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The Hyper Local Market A Snapshot Of Two School Area Boundaries In Albuquerque
By Scott Albright
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LOCATION! LOCATION! LOCATION! I hear this basic real estate mantra almost every day, but whatâ€™s important to you about location? Is it your proximity to work? Whatâ€™s within walking distance? Is it about being in a buyerâ€™s or sellerâ€™s market? Or is it about the school area boundaries your kids will live within? If itâ€™s the latter, then take a look at this snapshot of market data for two school area boundaries in Albuquerque â€“ the Sandia High School & Highland High School area boundaries I created using InfoSparks.
The housing market is hyper-local and can change from neighborhood to neighborhood, but I chose to highlight these two school areas for a couple of reasons. One, because itâ€™s a bit more complicated to compare each neighborhood within a city like Albuquerque. Two, because a school area boundary is easier to define and I think itâ€™s good to know the market for the area where your kids go to school, as the people living here include the parents, teachers, and neighbors making decisions regarding your local community and childrenâ€™s education. And three, because I live in one of these areas and my brother lives in the other. As a disclaimer, I need to tell you I created the boundaries for these two school areas using newmexicohometownlocator.comâ€™s School Boundaries Maps (School Attendance Zones) and InfoSparks, so they may not be completely accurate, but they are pretty close based off the maps Iâ€™m familiar with. Below you will see the boundaries for these areas I created in InfoSparks:
Sandia High School School Area Boundaries
(Created using InfoSparks and newmexico.hometownlocator.com)
The first thing youâ€™ll notice is the Sandia High School zone boundaries are on the north side of the freeway while the Highland High School boundaries are on the south side. According to the InfoSparks boundaries I drew, The Highland High area attendance zone includes about 16.2 square miles, while the Sandia High School area includes about 9.1 square miles. Highland High boundaries include parts of Kirtland Air Force Base, while Sandia High School does not have any major federal lands within its boundaries. So, although we are not comparing apples to apples here, we are still comparing different market data for residential homes between two high school area attendance zones. The following is a chart showing the median sales price for these two areas over a ten-year period time using InfoSparks:
The next major thing I noticed using this data, is that in June of 2015 the median sales price for homes in the Highland High area surpassed the median sales price for homes in the Sandia High area by $7,900 before dramatically dipping to lower levels over the next two years. In May of 2017 homes in the Sandia High School area were selling at a median price of $193,900 while those in the Highland High area were selling at a median price of $173,000. Thatâ€™s over a $20,000 difference! What happened over that time to make prices change so dramatically? What does that mean for home owners and the equity they hold in these two areas? How will those prices change in the future based off new construction, infrastructure changes, and other factors? As a realtor I canâ€™t predict the future, but I will certainly take a closer look at the data . . . Looking deeper, it seems supply is much higher in the Highland High area compared to Sandiaâ€™s,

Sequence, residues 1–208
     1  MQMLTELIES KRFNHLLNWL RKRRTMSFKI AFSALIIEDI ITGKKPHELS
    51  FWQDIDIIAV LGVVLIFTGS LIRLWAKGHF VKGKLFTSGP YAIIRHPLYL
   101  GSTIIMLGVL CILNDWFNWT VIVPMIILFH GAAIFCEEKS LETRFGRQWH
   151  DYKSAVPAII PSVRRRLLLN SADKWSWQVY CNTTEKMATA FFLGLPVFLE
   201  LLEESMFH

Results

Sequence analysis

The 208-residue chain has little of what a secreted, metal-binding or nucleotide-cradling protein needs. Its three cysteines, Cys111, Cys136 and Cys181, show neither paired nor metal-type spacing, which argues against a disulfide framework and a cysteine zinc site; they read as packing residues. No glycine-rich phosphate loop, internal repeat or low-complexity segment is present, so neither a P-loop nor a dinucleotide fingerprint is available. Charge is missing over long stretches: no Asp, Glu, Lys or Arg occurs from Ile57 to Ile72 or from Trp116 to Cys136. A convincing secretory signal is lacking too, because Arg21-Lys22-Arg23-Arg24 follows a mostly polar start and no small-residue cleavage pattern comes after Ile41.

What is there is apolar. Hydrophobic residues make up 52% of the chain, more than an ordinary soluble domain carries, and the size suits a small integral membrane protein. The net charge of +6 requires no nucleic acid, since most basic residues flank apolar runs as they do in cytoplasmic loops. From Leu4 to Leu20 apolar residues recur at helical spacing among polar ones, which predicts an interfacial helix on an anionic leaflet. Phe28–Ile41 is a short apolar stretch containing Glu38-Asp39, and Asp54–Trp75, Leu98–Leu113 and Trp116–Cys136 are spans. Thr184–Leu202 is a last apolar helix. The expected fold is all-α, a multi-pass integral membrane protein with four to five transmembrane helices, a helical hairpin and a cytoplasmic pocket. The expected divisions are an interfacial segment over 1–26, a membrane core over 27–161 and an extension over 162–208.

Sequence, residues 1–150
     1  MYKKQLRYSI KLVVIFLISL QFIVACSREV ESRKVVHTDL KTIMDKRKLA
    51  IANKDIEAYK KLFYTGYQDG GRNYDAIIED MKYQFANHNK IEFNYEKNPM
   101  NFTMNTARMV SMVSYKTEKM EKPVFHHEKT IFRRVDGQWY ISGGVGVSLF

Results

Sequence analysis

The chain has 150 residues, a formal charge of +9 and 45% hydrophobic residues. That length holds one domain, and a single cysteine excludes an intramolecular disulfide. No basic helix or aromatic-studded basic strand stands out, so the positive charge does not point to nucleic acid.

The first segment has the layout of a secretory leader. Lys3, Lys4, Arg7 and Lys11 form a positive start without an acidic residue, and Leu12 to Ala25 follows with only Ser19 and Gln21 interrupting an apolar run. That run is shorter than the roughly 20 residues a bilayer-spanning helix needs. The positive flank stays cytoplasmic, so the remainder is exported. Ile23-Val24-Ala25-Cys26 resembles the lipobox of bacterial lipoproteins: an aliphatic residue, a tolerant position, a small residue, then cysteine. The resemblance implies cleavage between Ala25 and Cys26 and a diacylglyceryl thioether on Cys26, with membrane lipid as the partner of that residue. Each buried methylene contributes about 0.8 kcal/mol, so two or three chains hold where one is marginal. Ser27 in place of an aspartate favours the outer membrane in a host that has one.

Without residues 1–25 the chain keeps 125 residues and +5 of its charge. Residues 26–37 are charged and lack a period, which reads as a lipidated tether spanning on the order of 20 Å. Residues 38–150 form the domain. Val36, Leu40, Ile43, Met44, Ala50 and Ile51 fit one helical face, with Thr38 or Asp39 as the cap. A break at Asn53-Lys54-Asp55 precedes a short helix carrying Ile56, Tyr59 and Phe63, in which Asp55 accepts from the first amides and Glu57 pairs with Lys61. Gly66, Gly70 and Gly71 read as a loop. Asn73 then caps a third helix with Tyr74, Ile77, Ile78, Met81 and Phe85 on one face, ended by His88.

And in the Sandia High area demand seems higher when comparing the amount of days homes stayed on the market, as homes in the Highland High area spent more time waiting to be sold over the long term:
Economists will tell you supply and demand dictate prices. Does the demand seem higher in the Sandia High area because it is a better school? Is it because itâ€™s a smaller area? Does it have to do with demographics, crime, stigmatizations, or other factors? Does supply seem to be higher in the Highland High area because the Air Force base influences the rate at which people move in and out of this area? Whatever the reasons, itâ€™s hard to pinpoint a causality vs. a correlation. What I can say, is I live within the Highland High School area boundaries I drew up and Iâ€™m personally more excited about where I live compared to where my brotherâ€™s at. Just look at the price change in these two areas since last year:
In October of 2017 Sandia High area homes were outpacing median sales prices of Highland High area homes at $189,900 to $185,506, respectively. By December of 2017 the median sales price of Highland High area homes surpassed the median sales price of Sandia High homes by $13,000 at $187,000 compared to $174,000. So why the sudden price change again?In my opinion itâ€™s simple - thereâ€™s more diversity of architecture here, and weâ€™re closer to the university, Nob Hill, and downtown areas, while also being closer to more roads that cross the river. My brother has one nice park within walking distance to his house, while I have one really big park within a short bicycle ride, and four smaller ones within walking distance. Iâ€™m closer to more medical facilities, businesses, bicycle paths, and government offices, yet we both live close to major roadways with high traffic volumes.But I guess itâ€™s all relative anyway. Where one chooses to live cannot always be based off desire, as necessity will usually come first. Whatâ€™s important to know is that markets fluctuate and one side of the freeway isnâ€™t always better than the other, and understanding the market and looking for patterns in the data can be useful for knowing when to buy or sell. The data Iâ€™ve shown here is a tool for anyone reading this to figure out for themselves when they should do just that.